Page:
LOS ANGELES - The Russian assault on Ukraine has entered its second week.
The march towards Kyiv momentarily stalled as Kremlin forces have overtaken three cities in the South of Ukraine, as well as a nuclear power plant - a move which has led to global fears of a nuclear catastrophe.
Meanwhile, the number of Ukrainian refugees fleeing to Poland and other nearby European countries has now ballooned to well over 1.2 million.
As the world watches, transfixed to their TV screens, a few brave volunteers have moved head first into the action.
That includes Nate Mook, CEO of the World Central Kitchen, founded by celebrity chef and philanthropist Jose Andres. Mook and the non-profit have been providing hot meals to thousands of refugees fleeing the war zone.
Speaking from Ukraine, Mook joins Elex Michaelson this week on "The Issue Is," revealing the realities on the ground, the stories he’s heard from refugees, and the power of food in unifying people regardless of the background or struggle.
Next, Michaelson is joined for a joint sit-down with Los Angeles Mayoral candidate Rick Caruso and former LAPD Chief Charlie Beck - Beck announcing his endorsement of Caruso, who once served as President of the LA Police Commission. The two also discuss curbing rising crime in California and their newfound support of the recall of progressive Los Angeles D.A. George Gascon.
Finally, on the week that President Joe Biden delivered his first State of the Union address, Michaelson speaks with Reps. Ted Lieu (D-CA), Adam Schiff (D-CA), Karen Bass (D-CA), and Mike Garcia (R-CA), as well as a number of everyday voters, to assess what the state or our union actually is.
THE ISSUE IS: THE SITUATION ON THE GROUND IN UKRAINE
MOOK’S CENTRAL TAKE: "Right here in Lviv, which is a city in the western side of Ukraine, it's fairly calm, but also very tense. You know, this is not a city that right now is under bombardment. There are air raid sirens that are going off daily, but overall, this has been a peaceful side of Ukraine as it is very close to the Polish border. But in turn, it means a lot of refugees, a lot of Ukrainians that are fleeing cities in the East that are under active attack and bombings, are coming here. So, it is an overwhelmed city. It's also a city that is preparing for an attack. Every day you see people getting ready, ready for potential tanks to roll in, checkpoints being set up to make sure that everybody here is not causing problems, and so there's a lot of sort of really fear here, at the same time, there's a lot of incredible work being done, an outpouring of support for those Ukrainians that are coming into the city all this week…"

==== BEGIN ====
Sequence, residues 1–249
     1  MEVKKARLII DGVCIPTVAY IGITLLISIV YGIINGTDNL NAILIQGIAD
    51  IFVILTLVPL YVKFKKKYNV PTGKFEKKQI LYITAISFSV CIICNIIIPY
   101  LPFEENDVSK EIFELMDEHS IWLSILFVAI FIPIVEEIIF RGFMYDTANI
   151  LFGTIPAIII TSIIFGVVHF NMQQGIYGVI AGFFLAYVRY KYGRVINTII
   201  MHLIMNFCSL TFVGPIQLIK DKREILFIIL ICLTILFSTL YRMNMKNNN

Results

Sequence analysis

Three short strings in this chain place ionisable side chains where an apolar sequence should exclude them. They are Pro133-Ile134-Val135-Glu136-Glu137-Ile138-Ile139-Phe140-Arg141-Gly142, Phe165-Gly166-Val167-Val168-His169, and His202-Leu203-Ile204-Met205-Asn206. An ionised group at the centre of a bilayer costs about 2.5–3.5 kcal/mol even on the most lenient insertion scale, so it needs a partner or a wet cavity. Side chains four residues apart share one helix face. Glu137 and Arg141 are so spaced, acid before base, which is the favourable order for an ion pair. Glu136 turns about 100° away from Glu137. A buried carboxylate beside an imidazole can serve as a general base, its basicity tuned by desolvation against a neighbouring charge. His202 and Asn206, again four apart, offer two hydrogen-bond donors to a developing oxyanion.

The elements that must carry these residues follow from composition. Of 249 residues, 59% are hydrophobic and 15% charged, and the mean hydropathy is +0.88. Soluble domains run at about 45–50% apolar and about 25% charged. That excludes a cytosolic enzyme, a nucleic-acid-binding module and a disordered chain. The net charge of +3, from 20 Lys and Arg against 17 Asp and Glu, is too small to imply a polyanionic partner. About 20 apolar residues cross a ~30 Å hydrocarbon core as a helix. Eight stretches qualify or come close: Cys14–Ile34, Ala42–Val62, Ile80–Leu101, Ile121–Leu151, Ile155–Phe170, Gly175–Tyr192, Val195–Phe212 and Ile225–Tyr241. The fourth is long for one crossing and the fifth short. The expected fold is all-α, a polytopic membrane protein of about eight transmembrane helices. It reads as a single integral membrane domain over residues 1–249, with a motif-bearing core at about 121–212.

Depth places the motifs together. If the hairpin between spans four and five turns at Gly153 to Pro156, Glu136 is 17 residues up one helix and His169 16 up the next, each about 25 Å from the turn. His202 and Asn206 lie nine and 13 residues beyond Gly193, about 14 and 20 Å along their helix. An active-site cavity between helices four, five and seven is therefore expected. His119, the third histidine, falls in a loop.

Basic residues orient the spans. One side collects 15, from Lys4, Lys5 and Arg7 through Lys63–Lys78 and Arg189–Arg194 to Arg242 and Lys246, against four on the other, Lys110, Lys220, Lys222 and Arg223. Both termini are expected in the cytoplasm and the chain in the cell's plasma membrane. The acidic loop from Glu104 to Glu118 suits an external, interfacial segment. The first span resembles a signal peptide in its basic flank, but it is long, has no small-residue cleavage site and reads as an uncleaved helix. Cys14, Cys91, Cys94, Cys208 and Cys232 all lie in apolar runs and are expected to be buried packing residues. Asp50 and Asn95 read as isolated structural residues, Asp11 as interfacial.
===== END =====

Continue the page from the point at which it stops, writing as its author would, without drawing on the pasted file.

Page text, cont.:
THE ISSUE IS: THE EXPERIENCE OF UKRAINIAN REFUGEES
MOOK’S CENTRAL TAKE: "It's really heartbreaking hearing some of these stories. In the train station we've been serving a lot of mothers and their children, young children, and they've had to abandon their lives. They don't know what's next. Many of them don't have any money or resources to go somewhere else, they're relying on the help and assistance of so many that are getting them through this time. There's just a lot of unknowns right now, and that's really, really sad for folks who, you know, just don't have anything, they're just what they're carrying is everything that they have…"
THE ISSUE IS: THE UNIFYING POWER OF FOOD
MOOK’S CENTRAL TAKE: "You know, our founder, chef Jose Andres, who I was just with here in Lviv, and also in Poland, along the border where many of our teams are working, you know, likes to talk about building longer tables, not higher walls, right? Food is such a powerful thing to bring people together to break bread, and you know, it's what we're seeing here, this outpouring of support, being able to provide a hot meal to somebody in a really, really difficult moment. We like to say that food doesn't just nourish the body, a hot meal also nourishes the soul, and, you know, we really believe that. The chefs that are working tirelessly, every day, to prepare the meals, and our teams and volunteers to deliver the meals, you know, the love just pours through, and I think this really shows in the food that we prepare.... This is not just about getting somebody some calories, but about a message that today is difficult, but hopefully tomorrow will be a little bit better and every day thereafter…"
THE ISSUE IS: FINDING HOPE IN DESPAIR
MOOK’S CENTRAL TAKE: "It's something that we talk about with our teams a lot because they are on the front lines of these disasters, and I think we also have to make sure that our teams are taking care of themselves because we don't take care of ourselves, then we truly can't take care of others. At the same time, it is an incredible thing, and an incredible honor, to be able to serve somebody a plate of food, and, you know, chefs and people working in restaurants see this every day at the small scale - so for us to be able to do what we do with this massive scale, it really does fill our hearts up. So even if we're in these really difficult moments, like we are now, where you just wonder what is going on with humanity and what is going on with our planet or we see these climate disasters and these hurricanes hitting... but at the end of the day, being able to serve and be of service to the communities and see people banding together fills up your heart and gives you that energy to keep going at the end of the day, and that's what we're seeing here in Ukraine, but also in neighboring countries - the amount of volunteers and amazing people from Poland and all over Europe that have come in to support - just unbelievable. And that really, I think, keeps us going at the end of the day…."
THE ISSUE IS: ELEX’S COMMENTARY ON THE CRISIS IN UKRAINE
The Issue Is: with Elex Michaelson is California's only statewide political show. For showtimes and more information, go to TheIssueIsShow.com.
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